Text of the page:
Socks. Christmas is a great time for socks. Every year I either receive a pair (or two) from a loving relative concerned about the temperature of my tootsies — or I buy a pair, usually to add to a man bundle of beer, peanuts and a tie for a male relative that proves otherwise impossible to buy for.
This year, however, there’s an even bigger incentive to buy socks: to help support gorilla conservation efforts in Rwanda. Introducing; Gorilla Socks.
These sustainable, eco-friendly, stylish socks (they’re made from viscose from bamboo) have been developed by Gianluca De Stefano and Gavin Kamara, who have partnered with the Dian Fossey Gorilla Fund International.
Their mission is to combine a sense of responsibility to support our planet, disadvantaged communities and the gorilla species with a love for colourful socks.
Inspired by Dian Fossey’s remarkable life and legacy, they have pledged to donate to the charity at least 10% from the sale of each pair of socks.
“We feel very strongly about the precarious situation of mountain gorilla and we think Gorilla Socks can be a great vehicle to raise vital funds to save the endangered species,” they explain. “Gorilla Socks are a very proud partner of the Dian Fossey Gorilla Fund.”
Dian Fossey, funded by the National Geographic Society, set up a research camp in Rwanda in 1967 to study gorillas. She belonged to a collective of three women in the 1960s and ’70s chosen by Dr Louis Leakey — an archaeologist and paleoanthropologist concerned with understanding human evolutionary development — to study primates in order to establish their position in human evolution.
Known as The Trimates, Dian Fossey was charged with studying gorillas, Jane Goodall selected to research chimpanzees and Birute Galdikas observed orangutans. Dian’s story (and its controversies) is documented in the 1988 film, Gorillas in the Mist, and on Boxing Day 2017, National Geographic Channel will be showing a three-part documentary series ‘Secrets in the Mist‘, further exploring her time with the mountain gorillas in Rwanda.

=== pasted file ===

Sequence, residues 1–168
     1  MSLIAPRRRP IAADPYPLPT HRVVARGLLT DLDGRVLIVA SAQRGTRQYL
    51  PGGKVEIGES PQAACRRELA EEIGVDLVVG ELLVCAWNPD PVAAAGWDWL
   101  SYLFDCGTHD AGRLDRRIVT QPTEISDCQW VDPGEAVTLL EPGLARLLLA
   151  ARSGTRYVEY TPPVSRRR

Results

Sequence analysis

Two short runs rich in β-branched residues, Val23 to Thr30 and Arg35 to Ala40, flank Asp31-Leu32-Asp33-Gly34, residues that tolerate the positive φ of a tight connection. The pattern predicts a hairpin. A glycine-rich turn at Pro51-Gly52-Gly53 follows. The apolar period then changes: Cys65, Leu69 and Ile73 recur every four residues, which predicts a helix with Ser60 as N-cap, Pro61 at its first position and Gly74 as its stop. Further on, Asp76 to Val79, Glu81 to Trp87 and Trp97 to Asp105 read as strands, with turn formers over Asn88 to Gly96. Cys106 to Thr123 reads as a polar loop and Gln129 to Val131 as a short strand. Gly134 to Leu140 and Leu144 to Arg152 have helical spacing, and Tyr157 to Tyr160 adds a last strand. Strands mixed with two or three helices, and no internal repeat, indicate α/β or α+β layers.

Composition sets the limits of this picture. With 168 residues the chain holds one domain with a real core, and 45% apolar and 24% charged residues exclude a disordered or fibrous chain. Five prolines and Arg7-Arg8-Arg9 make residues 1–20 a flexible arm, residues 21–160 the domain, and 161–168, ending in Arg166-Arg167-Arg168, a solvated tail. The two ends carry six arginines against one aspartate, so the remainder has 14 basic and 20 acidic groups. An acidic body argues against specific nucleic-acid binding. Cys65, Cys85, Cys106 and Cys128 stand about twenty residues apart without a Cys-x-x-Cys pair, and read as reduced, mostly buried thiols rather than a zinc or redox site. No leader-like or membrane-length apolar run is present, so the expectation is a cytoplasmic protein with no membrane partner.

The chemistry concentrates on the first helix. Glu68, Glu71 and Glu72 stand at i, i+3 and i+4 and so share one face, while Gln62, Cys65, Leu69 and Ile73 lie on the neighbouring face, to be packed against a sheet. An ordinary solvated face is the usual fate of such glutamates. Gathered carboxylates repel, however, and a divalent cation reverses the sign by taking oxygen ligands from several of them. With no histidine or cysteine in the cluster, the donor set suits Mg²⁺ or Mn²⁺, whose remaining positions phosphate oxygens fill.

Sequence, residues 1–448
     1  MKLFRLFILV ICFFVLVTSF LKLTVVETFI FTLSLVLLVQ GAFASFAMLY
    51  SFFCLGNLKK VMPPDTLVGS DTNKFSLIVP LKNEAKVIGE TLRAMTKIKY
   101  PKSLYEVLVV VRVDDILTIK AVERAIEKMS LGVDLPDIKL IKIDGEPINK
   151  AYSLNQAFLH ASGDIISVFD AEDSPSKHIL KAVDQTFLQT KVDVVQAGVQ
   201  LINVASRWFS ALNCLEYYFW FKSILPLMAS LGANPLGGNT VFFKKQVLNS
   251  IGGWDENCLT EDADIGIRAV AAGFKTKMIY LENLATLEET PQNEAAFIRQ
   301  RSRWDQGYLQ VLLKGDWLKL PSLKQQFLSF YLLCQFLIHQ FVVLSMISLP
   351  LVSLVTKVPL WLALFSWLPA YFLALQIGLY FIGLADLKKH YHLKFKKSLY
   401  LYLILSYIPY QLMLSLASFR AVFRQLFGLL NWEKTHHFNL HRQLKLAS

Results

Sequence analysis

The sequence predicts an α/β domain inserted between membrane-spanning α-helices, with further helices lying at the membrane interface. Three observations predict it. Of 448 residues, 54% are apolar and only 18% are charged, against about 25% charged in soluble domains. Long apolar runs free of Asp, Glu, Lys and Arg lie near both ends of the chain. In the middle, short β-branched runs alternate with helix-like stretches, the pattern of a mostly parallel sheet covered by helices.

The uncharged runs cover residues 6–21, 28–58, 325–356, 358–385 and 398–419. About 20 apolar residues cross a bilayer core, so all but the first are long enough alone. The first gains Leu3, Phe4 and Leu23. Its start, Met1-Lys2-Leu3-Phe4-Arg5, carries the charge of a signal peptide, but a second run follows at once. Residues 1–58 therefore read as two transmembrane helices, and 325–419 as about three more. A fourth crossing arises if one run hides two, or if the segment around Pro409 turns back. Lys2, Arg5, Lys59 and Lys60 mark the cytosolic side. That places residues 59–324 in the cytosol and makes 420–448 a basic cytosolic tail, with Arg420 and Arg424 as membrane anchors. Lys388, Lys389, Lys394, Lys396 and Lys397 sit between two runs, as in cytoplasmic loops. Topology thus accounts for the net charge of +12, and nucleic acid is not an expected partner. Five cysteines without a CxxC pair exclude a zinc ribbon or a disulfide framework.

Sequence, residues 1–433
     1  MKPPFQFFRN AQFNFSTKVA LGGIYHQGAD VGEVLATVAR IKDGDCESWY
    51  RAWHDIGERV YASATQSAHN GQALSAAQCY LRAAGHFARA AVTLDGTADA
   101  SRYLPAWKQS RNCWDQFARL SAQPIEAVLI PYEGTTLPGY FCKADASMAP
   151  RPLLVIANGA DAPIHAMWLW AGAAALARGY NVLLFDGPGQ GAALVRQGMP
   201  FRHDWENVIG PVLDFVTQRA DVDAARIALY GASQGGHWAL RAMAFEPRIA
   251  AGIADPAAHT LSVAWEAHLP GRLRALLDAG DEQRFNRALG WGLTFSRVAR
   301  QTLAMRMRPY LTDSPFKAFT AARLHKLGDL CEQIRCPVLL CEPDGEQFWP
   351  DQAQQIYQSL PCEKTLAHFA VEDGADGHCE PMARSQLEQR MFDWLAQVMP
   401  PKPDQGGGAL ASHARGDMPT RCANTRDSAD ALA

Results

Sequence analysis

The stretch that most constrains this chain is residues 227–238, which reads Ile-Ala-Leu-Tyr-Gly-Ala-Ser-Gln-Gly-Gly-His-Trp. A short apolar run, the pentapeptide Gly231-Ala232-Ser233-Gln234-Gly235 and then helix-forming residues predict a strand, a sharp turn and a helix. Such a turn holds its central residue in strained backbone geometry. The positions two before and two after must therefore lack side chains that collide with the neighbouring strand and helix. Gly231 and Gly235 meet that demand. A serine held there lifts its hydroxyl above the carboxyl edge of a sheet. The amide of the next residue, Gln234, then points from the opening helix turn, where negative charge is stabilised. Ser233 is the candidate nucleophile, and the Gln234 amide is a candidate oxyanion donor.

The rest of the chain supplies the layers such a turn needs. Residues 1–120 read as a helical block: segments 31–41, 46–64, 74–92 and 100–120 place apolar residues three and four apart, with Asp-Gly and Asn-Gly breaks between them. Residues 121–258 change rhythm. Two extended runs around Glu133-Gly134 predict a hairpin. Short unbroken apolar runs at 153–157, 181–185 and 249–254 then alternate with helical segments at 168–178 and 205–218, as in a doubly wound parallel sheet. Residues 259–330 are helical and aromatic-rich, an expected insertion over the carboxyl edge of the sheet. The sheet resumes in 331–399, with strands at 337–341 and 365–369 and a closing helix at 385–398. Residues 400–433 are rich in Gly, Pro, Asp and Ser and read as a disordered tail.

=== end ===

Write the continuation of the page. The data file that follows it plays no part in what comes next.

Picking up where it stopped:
Today, the Dian Fossey Gorilla Fund is dedicated to the conservation and protection of gorillas and their habitats.
Choosing to buy from the Gorilla Socks range — which is supported by Dian’s former research assistant, Ian Redmond; today recognised as one of the world’s leading gorilla experts — means customers are helping the Fossey Fund with their integrated conservation model that includes:
- Daily Protection – to ensure that gorilla populations remain stable. Fossey Fund tracker and anti-poaching teams are in the forest 365 days a year protecting gorillas.
- Scientific Research – as the world’s longest running gorilla research site, the Dian Fossey Gorilla Fund uses cutting-edge science to understand gorillas and their habitats and develop effective conservation strategies.
- Educating Conservationists – the Fossey Fund’s educational programs equip the next generation of African scientists with the skills they need to address the conservation challenges of the future.
- Helping Communities – Effective conservation requires the support of local communities. The Dian Fossey Gorilla Fund works closely with the people who share the gorillas’ forest homes to address health, education and other critical needs.
Gorilla Socks currently have 6 styles of bamboo socks available, with 6 more due to join the range in January. Softer and stronger than cotton, bamboo socks do not fade like cotton socks — so they’re far more likely to last until next Christmas!
Learn more about Gorilla Socks by visiting: gorilla-socks.com.
Learn more about The Trimates
Want to know more about Dr Louis Leakey’s primate research team?
- Read about National Geographic’s ‘trimates’
- Listen to my conversation with Dr Jane Goodall about her career as a primatologist
- Read my discussion with Dr Jane Goodall about the Roots and Shoots programme
Want to know more about gorillas?